The first British Baked Beans could be on the breakfast menu thanks to University of Warwick research
A pioneering project is set to produce haricot beans, better known as the classic-baked bean, in the UK for the first time.
Driven by a commitment to sustainability and food security, the University of Warwick has developed innovative farming techniques tailored specifically to the cultivation of baked beans.
Traditionally, baked beans have been predominantly sourced from overseas markets due to the specific climate and soil requirements needed for their successful cultivation. However, this effort aims to challenge the status quo by adopting growing practices to the UK's unique environment.
By harnessing the latest agricultural technologies and insights from the University of Warwick, a Lincolnshire farmer, Andrew Ward, has become the first in the UK to grow a full crop of baked beans. If the home-grown beans prove a success, it could reduce reliance on imports and ensure a consistent supply of this British breakfast essential.
Growing haricot beans on a commercial scale in the UK would reduce food miles, contribute to achieving climate goals in the food sector, improve soil structure, and help extend farm rotations by offering a short-season, nitrogen-fixing crop (extracting it from the air and turning it into a usable form for growth) desired by UK growers.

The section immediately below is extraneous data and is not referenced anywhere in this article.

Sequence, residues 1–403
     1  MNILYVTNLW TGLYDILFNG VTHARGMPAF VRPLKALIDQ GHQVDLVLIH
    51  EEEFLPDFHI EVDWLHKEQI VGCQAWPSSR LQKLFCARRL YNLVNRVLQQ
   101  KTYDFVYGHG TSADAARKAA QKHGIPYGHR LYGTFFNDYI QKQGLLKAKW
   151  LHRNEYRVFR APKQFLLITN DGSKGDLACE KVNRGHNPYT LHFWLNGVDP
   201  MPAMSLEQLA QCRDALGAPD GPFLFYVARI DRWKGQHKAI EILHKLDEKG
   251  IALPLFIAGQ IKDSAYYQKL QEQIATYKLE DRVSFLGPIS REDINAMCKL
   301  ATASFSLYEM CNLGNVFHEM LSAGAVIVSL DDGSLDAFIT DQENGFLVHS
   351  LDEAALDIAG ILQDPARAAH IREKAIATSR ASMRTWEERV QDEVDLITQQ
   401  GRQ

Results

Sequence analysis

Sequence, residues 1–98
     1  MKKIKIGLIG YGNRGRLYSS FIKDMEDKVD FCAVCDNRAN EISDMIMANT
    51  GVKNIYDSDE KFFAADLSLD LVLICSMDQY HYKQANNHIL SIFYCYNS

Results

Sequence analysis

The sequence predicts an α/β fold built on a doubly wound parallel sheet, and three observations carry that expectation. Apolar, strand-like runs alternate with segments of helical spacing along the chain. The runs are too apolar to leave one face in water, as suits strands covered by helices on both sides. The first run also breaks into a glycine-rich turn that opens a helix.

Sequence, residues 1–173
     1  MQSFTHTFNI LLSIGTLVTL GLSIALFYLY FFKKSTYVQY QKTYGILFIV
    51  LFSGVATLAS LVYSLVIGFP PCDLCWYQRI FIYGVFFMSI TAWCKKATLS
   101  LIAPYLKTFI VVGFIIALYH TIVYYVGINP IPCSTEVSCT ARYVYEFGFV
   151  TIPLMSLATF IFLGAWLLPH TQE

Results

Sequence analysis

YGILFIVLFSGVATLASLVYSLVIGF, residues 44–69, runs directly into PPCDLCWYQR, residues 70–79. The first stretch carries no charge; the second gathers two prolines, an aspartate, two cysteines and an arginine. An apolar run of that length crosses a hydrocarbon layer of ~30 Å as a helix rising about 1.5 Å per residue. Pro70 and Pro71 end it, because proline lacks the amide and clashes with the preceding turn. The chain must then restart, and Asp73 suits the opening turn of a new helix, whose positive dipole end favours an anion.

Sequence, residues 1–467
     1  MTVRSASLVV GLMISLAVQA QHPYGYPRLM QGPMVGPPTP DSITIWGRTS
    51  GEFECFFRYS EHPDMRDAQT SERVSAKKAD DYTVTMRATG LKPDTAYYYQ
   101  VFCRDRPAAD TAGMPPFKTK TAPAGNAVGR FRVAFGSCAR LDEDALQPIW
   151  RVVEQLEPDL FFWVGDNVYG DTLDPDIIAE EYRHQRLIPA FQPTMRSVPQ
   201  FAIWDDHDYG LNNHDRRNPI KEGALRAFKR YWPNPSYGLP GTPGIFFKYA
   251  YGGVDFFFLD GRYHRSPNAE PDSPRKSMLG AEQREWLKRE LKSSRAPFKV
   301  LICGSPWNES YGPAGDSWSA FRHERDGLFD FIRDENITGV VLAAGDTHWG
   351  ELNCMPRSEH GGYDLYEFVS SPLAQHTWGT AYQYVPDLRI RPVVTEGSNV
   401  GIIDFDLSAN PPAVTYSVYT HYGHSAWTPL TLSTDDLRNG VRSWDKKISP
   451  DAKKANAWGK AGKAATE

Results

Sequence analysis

Professor Eric Holub, from Warwick’s Crop Centre, part of the School of Life Sciences, has bred three haricot bean varieties that are adapted for growing in the UK climate and are more suited to standard farm machinery.
Local farmers can diversify their crop production and explore new market opportunities, while consumers can enjoy the freshest and highest quality baked beans, produced closer to home and with reduced environmental impact.
Embracing the university’s Coventry connection, a blonde variety of beans has been named Godiva. Along with a white bean, Capulet, and a black bean, Olivia – this trio has been selected for their versatility and is also suitable for commercial canning in British baked beans.
Professor Eric Holub, from the University of Warwick, said: “Ensuring we can produce our own food is crucial in lessening our impact on the planet. British-grown beans can play a big part in shaping a healthier future for all of us. They're a fantastic addition to our diets and contribute to the rise of flexitarian eating habits.”
Andrew Ward, the Lincolnshire farmer responsible for the first UK bean crop said: "It's the first commercial-scale planting of a variety of haricot beans that could end up in a can on everybody's supper table. At the moment we don't have any beans that are grown here that are suitable for baked beans, our climate isn't right for producing this type of bean."
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